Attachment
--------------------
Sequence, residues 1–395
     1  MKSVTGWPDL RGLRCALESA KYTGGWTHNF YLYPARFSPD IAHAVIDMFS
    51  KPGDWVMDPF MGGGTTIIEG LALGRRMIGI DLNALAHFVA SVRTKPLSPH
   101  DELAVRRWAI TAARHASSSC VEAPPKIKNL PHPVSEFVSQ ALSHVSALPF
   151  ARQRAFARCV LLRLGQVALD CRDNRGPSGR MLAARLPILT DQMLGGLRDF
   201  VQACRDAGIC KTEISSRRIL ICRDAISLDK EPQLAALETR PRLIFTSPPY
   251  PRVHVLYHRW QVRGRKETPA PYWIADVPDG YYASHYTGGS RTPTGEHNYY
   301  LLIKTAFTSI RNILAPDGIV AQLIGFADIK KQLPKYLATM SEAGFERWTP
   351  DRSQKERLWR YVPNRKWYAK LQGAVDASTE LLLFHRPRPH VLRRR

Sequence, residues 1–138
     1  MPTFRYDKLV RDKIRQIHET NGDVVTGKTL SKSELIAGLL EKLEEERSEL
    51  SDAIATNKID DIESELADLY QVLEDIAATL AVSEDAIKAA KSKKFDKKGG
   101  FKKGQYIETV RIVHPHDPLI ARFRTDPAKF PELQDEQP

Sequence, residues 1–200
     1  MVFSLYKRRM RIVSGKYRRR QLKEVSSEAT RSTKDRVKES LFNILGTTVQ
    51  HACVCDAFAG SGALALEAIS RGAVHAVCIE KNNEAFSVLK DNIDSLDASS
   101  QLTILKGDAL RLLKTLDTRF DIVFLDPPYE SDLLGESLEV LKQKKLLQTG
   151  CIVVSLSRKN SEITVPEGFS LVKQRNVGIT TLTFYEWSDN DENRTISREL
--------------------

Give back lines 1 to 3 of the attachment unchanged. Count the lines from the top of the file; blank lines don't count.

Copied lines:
Sequence, residues 1–395
     1  MKSVTGWPDL RGLRCALESA KYTGGWTHNF YLYPARFSPD IAHAVIDMFS
    51  KPGDWVMDPF MGGGTTIIEG LALGRRMIGI DLNALAHFVA SVRTKPLSPH